People like this guy waving his gun at a driverless Waymo van in Arizona are attacking self-driving vehicles with rocks, knives, and *their own cars*, sending a message to tech companies like Waymo, which is owned by Alphabet (Google's parent company). That message is, please go experiment with artificial intelligence in somebody else’s neighborhood. Read the rest
This week, a self-driving Uber killed a pedestrian in Arizona, the first pedestrian fatality involving an autonomous vehicle; in his analysis of the event, Charlie Stross notes that Arizona's laws treat corporations that kill people with considerably more forbearance than humans who do so, and proposes that in the near future, every self-driving car will be owned by a special-purpose corporation that insulates its owner from liability.
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A trio of engineering researchers from UC Berkeley modeled the effect of heavy reliance on GPS routing on municipal road efficiencies and found that people who are GPS-routed are likely to move to surface streets and secondary highways when the main highways are congested; though this increases overall throughput in a city and reduces overall drive-time, it also creates heavy traffic on residential streets, effectively transferring traffic jams from highways to neighborhoods.
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Self-driving cars require incredibly accurate, up-to-date maps; in China, only Chinese companies will be able to make these maps. Nominally, this is about preventing espionage, but it also has the non-coincedental effect of forcing foreign autonomous vehicle companies to partner with (much more easily controlled) Chinese firms, a policy already in place for traditional auto manufacturing.
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Tim O'Reilly (previously) is my kind of technologist: someone who goes past the "is technology good or bad for us?" question and dives into the really meaty, important question, namely: "how can we make technology better for us?" Read the rest
Alexis Madrigal got a chance to visit the fascinating town of Castle, a roads-only city constructed by Waymo for the sole purpose of developing self-driving cars. Read the rest
We already know Uber's been investing millions of dollars in the future of self-driving. Now Lyft is making similar moves, including a partnership with Boston-based nuTonomy, a self-driving car startup founded by an MIT guy. Read the rest
The Chinese tech firm Baidu said Tuesday it will launch a self-driving car technology in July. A first release will involve a restricted environment, but the company plans to gradually introduce “fully autonomous driving capabilities on highways and open city roads by 2020,” Reuters reports.
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Charlie Miller made headlines in 2015 as part of the team that showed it was possible to remote-drive a Jeep Cherokee over the internet, triggering a 1.4 million vehicle recall; now, he's just quit a job at Uber where he was working on security for future self-driving taxis, and he's not optimistic about the future of this important task. Read the rest
Any well-designed self-driving car will be at pains to avoid killing people, if only to prevent paperwork delays when they mow someone down. Read the rest
Self-driving cars can mean a number of different things, so the US National Highway Traffic Safety Administration adopted a zero-to-5 scale of the types of automation created by SAE International, with level zero being non-autonomous. Generally: Read the rest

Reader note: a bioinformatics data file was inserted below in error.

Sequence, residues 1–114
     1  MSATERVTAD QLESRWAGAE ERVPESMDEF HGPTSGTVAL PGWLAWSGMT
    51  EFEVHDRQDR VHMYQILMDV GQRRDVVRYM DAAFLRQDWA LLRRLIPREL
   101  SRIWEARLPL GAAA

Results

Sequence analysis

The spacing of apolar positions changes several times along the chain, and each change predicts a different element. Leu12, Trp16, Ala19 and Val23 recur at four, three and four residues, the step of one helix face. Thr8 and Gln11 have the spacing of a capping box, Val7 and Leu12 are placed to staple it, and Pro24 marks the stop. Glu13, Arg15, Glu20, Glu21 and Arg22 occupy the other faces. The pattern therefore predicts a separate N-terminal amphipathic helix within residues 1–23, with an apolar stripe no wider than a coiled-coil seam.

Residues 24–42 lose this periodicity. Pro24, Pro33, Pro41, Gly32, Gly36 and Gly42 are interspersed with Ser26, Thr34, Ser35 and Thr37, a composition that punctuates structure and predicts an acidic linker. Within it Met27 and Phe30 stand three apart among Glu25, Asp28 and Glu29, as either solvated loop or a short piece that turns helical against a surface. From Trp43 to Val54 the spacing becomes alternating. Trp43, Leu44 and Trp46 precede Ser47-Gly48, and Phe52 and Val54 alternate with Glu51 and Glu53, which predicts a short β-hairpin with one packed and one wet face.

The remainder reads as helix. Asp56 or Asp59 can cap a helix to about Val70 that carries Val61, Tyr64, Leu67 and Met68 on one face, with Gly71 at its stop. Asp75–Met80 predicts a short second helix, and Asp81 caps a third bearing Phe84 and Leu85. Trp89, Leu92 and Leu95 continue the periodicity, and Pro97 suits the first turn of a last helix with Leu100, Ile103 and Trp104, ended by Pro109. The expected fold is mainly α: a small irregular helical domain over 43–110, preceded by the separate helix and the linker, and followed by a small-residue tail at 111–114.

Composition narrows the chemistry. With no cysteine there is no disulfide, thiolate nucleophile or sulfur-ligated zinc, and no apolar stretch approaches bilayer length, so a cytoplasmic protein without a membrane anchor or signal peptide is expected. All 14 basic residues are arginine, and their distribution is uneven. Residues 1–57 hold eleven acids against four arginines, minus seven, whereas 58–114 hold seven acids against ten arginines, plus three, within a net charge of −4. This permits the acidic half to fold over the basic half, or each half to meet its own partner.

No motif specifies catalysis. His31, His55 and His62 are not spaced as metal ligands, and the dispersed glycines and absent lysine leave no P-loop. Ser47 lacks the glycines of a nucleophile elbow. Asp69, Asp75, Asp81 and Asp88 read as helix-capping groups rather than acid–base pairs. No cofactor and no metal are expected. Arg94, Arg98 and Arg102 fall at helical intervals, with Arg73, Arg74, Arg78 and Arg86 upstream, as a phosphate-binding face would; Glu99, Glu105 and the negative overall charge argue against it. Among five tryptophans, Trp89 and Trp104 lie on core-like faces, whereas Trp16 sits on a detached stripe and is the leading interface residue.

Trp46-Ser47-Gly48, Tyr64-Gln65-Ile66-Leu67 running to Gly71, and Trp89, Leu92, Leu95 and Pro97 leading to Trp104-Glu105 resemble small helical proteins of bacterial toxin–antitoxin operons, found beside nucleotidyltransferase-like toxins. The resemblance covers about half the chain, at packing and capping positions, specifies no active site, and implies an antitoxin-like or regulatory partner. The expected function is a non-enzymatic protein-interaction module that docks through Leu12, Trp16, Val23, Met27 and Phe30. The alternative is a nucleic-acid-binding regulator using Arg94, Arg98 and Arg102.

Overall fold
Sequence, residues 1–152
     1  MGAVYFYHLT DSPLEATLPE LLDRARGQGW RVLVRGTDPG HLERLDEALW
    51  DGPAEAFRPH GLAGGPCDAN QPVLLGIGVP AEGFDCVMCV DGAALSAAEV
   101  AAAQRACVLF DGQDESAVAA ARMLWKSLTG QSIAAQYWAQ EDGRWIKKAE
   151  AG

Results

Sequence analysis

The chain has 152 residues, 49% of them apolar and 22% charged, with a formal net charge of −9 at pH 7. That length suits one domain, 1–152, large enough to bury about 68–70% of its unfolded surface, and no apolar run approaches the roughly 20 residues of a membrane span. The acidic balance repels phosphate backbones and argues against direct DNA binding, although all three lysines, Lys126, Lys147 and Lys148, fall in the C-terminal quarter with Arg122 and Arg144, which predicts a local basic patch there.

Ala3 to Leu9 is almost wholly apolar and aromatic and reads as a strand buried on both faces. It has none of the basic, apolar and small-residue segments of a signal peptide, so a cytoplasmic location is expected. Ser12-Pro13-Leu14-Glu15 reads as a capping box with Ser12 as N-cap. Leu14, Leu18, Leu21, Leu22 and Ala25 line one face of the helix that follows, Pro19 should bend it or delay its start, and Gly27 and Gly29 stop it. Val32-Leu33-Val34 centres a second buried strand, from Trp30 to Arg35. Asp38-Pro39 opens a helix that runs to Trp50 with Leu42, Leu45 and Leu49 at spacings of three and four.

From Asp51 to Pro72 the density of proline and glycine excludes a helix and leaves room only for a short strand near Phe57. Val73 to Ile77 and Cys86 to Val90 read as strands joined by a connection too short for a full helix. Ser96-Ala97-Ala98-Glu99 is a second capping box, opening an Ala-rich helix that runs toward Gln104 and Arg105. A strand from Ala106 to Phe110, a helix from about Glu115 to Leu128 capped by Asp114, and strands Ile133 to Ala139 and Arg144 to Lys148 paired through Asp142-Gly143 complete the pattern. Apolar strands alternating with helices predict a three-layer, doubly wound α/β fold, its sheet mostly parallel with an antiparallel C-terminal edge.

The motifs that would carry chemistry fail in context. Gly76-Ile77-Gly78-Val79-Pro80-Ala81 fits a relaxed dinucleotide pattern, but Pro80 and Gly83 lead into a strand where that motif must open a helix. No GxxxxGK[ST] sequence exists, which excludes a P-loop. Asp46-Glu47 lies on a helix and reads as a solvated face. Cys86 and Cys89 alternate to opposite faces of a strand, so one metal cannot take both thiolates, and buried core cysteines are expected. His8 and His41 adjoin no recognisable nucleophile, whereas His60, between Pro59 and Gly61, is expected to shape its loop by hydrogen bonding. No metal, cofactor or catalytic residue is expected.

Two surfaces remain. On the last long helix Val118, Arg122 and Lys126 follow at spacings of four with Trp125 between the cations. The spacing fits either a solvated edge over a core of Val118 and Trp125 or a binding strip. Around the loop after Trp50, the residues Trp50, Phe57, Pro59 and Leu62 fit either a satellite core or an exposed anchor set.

MIT Professor Emeritus of Robotic Rodney Brooks has published a thought-provoking essay on the most concrete, most likely ethical questions that will be raised by self-driving cars; Brooks is uninterested in contrived questions like the "Trolley Problem" (as am I, but for different reasons); he's more attuned to the immediate problems that could be created by selfish self-drivers who use their cars to get an edge over the people who drive themselves, and pedestrians. Read the rest
In this footage from Europe, the autopilot on a Tesla warns driver Frank van Hoesel of an accident about to happen. He doesn't even realize why his car is braking suddenly until he sees the crash occur—forty yards away. Read the rest
Melbourne's Deakin University commissioned me to write a science fiction story about the design and regulation of self-driving cars, inspired by my essay about the misapplication of the "Trolley Problem" to autonomous vehicles. Read the rest
Tesla released a video of a commute from home to office, including parking as a demonstration of its fully self-driving hardware. "The person in the driver's seat is only there for legal reasons.
He is not doing anything. The car is driving itself." Read the rest
"Undercover Economist" Tim Harford (previously) has a new book out, Messy, which makes a fascinating and compelling case that we are in real danger from the seductive neatness of computers, which put our messes out of sight, where they grow into great catastrophes. Read the rest
Federal auto safety regulators today said that self-driving cars “will save time, money and lives,” but also sent a clear signal that they want the power to inspect and approve technology before it hits the highways, rather than each U.S. state setting its own safety standards.
U.S. Transportation Secretary Anthony Foxx said on a press call today that a new federal premarket approval system "would require a lot more upfront discussion, dialogue and staffing on our part."
The government's statement today is big news for Uber, Google, Apple, and other Silicon Valley firms pouring millions of R&D dollars into figuring out how to swap human drivers for smart machines, or at least allow us to share control in “semiautonomous” setups.
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